For many Japanophiles, Miyamoto Musashi’s celebrated “The Book of Five Rings” is the classic text that inspired a lifelong appreciation of “the way” — and for good reason. Musashi, the legendary 17th-century swordsman, authored the book in the last years of his life, expanding his “two heavens as one” double-sword strategies into a complete life philosophy — a treatise on strategic thinking applicable to any discipline.
Still a best-seller today, the 2012 translation by William Scott Wilson is particularly beautiful, keeping the sparse elegance of Musashi’s voice while providing historical background on the man and the context of his writings in knowledgeable depth. It is also illustrated by noted Japanese ceramic artist and painter Shiro Tsujimura.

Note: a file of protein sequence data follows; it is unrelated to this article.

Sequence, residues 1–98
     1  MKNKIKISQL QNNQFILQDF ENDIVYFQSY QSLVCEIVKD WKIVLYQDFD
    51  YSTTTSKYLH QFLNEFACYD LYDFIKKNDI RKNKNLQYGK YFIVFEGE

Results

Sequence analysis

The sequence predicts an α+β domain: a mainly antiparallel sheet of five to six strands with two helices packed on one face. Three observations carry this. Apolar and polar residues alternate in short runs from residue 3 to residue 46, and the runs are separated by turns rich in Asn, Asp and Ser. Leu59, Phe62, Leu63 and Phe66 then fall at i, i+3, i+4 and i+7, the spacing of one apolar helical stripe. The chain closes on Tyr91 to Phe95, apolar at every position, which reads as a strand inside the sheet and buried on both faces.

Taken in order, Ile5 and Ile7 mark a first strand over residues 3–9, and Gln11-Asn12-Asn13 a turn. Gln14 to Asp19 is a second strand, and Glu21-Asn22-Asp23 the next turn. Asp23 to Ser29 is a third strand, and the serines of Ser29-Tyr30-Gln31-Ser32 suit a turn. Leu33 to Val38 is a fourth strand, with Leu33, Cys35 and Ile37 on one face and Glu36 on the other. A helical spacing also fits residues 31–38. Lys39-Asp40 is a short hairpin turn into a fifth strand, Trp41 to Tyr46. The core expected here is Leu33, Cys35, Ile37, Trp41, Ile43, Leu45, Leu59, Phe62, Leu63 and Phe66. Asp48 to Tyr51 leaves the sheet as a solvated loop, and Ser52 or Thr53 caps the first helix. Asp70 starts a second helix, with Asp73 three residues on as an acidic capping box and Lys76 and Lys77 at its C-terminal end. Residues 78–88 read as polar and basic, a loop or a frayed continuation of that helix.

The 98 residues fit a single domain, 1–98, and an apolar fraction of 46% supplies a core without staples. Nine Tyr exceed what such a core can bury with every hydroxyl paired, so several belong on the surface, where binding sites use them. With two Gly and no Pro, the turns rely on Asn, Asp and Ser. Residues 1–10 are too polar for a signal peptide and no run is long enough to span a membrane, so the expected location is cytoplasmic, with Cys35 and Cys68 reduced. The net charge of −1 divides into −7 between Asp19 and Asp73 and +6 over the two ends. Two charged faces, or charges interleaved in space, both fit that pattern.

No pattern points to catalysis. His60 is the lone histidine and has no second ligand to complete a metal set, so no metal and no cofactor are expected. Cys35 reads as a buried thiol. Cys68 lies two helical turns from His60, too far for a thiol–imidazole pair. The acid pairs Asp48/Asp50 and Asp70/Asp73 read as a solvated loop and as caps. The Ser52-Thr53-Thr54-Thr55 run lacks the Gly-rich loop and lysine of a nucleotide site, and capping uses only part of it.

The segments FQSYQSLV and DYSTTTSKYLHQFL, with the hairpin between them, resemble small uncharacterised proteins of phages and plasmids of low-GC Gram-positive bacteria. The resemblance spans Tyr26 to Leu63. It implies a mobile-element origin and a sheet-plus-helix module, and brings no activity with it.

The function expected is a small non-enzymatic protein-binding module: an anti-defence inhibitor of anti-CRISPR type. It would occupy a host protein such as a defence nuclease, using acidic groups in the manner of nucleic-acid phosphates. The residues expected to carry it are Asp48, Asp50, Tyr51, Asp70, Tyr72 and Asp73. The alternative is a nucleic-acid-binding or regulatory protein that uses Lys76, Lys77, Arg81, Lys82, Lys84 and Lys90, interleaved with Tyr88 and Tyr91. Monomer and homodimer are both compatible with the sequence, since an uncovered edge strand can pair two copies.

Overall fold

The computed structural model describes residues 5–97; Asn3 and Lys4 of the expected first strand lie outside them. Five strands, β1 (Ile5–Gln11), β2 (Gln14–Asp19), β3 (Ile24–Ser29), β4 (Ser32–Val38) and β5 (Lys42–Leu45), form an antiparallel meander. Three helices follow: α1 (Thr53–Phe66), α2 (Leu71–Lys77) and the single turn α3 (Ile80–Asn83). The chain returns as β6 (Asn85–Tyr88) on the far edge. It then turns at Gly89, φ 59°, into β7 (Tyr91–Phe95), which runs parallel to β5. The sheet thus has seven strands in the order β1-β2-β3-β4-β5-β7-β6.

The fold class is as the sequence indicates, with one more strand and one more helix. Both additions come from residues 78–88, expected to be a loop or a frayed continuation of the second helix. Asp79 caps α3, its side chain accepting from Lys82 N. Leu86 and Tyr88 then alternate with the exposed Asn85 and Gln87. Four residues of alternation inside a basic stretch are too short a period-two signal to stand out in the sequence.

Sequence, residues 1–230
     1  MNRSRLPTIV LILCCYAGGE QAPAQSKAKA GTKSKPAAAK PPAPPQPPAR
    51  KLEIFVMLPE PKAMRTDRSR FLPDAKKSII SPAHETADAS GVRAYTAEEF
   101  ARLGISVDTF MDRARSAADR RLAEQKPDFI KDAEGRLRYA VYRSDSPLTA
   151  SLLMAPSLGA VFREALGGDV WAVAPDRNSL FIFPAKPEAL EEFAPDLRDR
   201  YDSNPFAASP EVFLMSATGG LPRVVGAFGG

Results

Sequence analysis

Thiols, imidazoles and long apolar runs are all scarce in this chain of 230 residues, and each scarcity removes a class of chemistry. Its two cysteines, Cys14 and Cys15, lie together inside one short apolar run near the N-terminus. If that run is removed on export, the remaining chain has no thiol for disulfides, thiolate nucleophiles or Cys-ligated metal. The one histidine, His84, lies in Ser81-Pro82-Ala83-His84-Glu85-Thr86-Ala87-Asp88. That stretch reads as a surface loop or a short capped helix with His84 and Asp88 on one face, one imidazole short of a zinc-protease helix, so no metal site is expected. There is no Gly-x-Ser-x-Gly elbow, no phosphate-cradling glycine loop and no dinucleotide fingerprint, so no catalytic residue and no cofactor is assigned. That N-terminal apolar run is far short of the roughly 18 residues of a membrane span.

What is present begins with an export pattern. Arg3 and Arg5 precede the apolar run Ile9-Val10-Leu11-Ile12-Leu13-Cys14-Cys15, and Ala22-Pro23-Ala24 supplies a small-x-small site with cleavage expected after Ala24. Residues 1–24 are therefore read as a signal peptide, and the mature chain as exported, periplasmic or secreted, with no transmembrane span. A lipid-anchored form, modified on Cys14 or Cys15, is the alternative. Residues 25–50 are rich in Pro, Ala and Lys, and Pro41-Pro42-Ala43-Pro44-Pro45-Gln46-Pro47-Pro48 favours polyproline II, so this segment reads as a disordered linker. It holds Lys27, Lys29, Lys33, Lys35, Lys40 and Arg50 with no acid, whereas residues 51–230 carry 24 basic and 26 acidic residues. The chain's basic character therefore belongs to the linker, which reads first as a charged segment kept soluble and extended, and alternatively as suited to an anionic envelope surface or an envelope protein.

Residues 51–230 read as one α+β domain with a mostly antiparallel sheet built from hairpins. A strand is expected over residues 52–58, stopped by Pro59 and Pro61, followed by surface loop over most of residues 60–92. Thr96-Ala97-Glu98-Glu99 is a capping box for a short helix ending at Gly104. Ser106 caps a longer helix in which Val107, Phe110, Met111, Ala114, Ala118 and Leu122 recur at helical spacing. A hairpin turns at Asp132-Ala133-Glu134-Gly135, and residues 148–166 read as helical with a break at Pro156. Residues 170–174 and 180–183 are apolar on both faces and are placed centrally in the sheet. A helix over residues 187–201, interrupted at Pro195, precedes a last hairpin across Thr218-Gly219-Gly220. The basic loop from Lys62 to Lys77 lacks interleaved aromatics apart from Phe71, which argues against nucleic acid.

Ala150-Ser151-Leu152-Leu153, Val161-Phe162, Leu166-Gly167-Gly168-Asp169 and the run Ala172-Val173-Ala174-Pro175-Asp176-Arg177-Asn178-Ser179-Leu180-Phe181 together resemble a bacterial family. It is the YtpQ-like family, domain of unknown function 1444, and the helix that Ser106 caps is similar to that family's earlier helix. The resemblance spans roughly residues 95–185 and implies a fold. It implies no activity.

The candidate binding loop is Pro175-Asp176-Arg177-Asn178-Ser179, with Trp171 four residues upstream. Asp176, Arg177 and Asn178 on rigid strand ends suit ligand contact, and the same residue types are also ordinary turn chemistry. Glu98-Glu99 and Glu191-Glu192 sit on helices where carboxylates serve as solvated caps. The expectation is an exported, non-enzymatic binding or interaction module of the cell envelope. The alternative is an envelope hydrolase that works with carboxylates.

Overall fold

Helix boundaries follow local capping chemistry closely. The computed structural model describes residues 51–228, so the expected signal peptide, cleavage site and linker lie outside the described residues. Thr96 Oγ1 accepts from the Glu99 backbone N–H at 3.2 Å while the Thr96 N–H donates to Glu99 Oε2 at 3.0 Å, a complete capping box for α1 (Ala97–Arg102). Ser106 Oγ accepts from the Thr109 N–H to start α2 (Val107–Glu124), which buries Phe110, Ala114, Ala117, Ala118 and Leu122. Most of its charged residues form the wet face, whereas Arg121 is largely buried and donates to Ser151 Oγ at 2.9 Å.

Separated into five sections corresponding to the elements and focusing on different aspects of battle strategy, at first it is disconcerting to read about various techniques of how to literally cut down your opponent. However, the words easily transcend the context of war to establish Musashi’s key ideas on mastering the mind, from considering an opponent’s perspective deeply to contemplating the void.
Also accomplished at calligraphy and ink painting, Musashi was a living embodiment of his own belief: “Master the way broadly and you will see it in all things.” Read his masterpiece to set foot upon a more enlightened path yourself.
Read archived reviews of Japanese classics at jtimes.jp/essential.
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